Sodium azide sample
| IUPAC name
| Systematic IUPAC name
| Other names
|Molar mass||65.0099 g/mol|
|Density||1.846 g/cm3 (20 °C)|
|Melting point||275 °C (527 °F; 548 K) (violent decomposition)|
|Boiling point||Violent decomposition|
| 38.9 g/100 mL (0 °C)|
40.8 g/100 mL (20 °C)
55.3 g/100 mL (100 °C)
|Solubility|| Very soluble in anhydrous ammonia|
Slightly soluble in benzene
Insoluble in acetone, chloroform, diethyl ether, hexane, toluene
|Solubility in methanol||2.48 g/100 mL (25 °C)|
|Solubility in ethanol||0.22 g/100 mL (0 °C)|
|70.5 J/mol K|
Std enthalpy of
|Safety data sheet||ScienceLab|
|Flash point||300 °C|
|Lethal dose or concentration (LD, LC):|
LD50 (Median dose)
|27 mg/kg (oral, rats/mice)|
Except where otherwise noted, data are given for materials in their standard state (at 25 °C [77 °F], 100 kPa).
Sodium azide is a sodium salt with the chemical formula NaN3.
Sodium azide will decompose at temperatures over 300°C to yield nitrogen gas.
- 2 NaN3 → 2Na + 3 N2
In contact with a strong acid will release hydrazoic acid.
- NaN3 + H+ → HN3 + Na+
Sodium azide can be destroyed by reacting it with nitrous acid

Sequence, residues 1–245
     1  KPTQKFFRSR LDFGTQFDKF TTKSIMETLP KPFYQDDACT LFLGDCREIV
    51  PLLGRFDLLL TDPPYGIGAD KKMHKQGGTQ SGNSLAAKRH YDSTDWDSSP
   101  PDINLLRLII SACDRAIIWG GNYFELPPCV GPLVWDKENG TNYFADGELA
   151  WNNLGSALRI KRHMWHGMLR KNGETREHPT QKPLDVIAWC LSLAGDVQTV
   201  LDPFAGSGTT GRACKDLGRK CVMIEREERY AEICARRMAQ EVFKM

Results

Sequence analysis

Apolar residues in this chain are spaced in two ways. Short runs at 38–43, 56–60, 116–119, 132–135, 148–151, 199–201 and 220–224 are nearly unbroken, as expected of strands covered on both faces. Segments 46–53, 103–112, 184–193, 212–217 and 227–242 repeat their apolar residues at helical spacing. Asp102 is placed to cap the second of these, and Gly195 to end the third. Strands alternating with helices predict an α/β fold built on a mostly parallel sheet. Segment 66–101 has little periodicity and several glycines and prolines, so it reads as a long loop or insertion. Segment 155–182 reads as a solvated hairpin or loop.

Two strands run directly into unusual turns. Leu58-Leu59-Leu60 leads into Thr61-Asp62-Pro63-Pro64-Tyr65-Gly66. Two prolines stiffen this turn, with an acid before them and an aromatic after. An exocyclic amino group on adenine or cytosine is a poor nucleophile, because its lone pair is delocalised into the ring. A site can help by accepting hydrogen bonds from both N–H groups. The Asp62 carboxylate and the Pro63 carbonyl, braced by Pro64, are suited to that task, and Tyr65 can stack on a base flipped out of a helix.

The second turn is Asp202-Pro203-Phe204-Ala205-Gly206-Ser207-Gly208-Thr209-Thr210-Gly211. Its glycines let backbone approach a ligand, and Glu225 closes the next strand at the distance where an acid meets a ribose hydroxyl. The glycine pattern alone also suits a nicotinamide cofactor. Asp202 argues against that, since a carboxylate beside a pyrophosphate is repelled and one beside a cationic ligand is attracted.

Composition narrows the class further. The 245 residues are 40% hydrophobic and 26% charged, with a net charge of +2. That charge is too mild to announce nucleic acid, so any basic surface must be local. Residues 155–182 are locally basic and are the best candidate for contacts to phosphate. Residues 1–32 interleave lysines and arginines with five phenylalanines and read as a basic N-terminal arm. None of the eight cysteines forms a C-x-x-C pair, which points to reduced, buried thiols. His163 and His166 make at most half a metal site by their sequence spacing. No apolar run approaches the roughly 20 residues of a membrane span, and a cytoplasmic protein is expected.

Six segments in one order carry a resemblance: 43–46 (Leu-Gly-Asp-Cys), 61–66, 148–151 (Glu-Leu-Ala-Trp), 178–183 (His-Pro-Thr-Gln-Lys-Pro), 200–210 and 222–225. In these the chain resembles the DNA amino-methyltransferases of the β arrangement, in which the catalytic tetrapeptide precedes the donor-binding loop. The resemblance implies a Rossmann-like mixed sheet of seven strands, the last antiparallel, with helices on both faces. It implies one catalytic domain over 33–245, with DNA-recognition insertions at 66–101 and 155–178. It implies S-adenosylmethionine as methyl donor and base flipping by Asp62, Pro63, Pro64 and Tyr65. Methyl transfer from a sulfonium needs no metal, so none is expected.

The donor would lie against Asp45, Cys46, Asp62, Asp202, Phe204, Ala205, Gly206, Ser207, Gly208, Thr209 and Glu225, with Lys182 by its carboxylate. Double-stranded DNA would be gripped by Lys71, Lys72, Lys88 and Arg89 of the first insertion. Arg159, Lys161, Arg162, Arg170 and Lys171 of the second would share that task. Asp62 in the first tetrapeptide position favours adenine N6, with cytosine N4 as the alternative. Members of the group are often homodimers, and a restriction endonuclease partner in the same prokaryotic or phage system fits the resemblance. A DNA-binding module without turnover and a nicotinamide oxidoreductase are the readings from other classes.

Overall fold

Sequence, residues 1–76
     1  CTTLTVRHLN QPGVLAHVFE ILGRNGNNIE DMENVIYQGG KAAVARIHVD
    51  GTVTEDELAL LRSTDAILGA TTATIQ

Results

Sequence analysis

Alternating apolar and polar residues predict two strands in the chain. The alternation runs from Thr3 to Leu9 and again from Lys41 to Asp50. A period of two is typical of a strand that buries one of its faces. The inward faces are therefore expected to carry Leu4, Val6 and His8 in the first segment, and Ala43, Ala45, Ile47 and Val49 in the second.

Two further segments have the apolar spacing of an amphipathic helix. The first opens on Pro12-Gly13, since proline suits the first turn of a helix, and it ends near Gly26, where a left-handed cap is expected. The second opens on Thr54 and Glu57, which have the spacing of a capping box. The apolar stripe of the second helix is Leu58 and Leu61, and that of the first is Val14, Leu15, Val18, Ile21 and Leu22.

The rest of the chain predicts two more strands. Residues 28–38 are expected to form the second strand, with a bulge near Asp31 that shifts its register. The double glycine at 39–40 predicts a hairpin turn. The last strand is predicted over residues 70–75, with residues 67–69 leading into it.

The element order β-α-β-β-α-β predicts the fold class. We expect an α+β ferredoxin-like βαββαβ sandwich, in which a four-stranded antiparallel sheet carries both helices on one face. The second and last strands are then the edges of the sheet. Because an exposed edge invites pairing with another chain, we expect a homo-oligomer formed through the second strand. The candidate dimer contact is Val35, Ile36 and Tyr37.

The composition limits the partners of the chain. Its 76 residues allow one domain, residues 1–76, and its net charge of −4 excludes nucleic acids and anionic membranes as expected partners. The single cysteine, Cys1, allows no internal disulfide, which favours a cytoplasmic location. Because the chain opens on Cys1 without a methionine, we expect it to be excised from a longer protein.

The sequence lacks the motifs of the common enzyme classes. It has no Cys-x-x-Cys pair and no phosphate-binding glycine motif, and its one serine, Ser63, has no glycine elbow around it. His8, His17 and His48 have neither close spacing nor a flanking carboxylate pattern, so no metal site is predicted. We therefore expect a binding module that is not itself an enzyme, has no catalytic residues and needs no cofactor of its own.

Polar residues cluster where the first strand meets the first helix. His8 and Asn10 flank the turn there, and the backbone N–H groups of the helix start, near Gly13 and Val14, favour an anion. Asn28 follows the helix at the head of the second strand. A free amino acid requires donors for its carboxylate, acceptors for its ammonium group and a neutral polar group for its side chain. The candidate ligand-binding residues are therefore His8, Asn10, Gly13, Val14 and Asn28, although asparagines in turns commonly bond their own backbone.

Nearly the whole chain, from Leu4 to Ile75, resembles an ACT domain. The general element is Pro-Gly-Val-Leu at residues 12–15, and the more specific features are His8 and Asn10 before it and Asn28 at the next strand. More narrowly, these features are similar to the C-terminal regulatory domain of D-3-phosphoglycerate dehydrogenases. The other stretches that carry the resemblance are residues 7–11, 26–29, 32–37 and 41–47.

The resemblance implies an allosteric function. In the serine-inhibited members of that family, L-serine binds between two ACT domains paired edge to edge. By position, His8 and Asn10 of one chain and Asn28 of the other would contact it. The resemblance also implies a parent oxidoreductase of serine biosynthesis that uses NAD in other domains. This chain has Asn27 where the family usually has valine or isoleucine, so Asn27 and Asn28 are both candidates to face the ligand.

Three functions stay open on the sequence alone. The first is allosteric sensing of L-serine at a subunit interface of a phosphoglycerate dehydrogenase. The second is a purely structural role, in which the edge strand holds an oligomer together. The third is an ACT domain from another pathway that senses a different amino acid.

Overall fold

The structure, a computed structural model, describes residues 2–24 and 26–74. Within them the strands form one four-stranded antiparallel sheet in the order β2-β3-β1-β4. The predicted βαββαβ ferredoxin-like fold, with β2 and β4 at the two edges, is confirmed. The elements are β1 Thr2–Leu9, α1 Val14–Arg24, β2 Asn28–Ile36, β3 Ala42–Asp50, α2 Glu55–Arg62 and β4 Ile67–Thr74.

- 2 NaN3 + 2 HNO2 → 3 N2 + 2 NO + 2 NaOH
Sodium azide is a white odorless salt. Sodium azide is soluble in water (40.8 g/100 mL at 20 °C) and ammonia, but insoluble in acetone, ether, chloroform and hexane.
Industrially sodium azide is prepared via "Wislicenus process", by reacting sodium amide with nitrous oxide. Sodium amide is prepared by reacting metallic sodium with anhydrous ammonia, in inert atmosphere.
- 2 Na + 2 NH3 → 2 NaNH2 + H2
- 2 NaNH2 + N2O → NaN3 + NaOH + NH3
As this method uses metallic sodium and inert conditions, it is expensive for the amateur chemist, though not impossible. Here's one person who managed to make it work.
A less complex synthesis involves the reaction of a nitrite ester with hydrazine:
- R-ONO + N2H4 + NaOH → NaN3 + R-OH + 2 H2O
- Generating pure nitrogen gas
- Preparation of pure sodium
Sodium azide is extremely toxic. The toxicity of azides is similar that of cyanides, the lethal dose for an adult human is around 0.7 g.
Sodium azide should be stored in spark-free containers, away from moisture or any acidic vapors.
When disposed of, it must never be poured down the drain, as it will react to either copper or lead plumbing to yield hydrazoic acid. Hydrolysis can also occur in aqueous solutions, at certain pH. Sodium azide must be treated with nitrous acid before being discarded. Acidified sodium nitrite can also be used.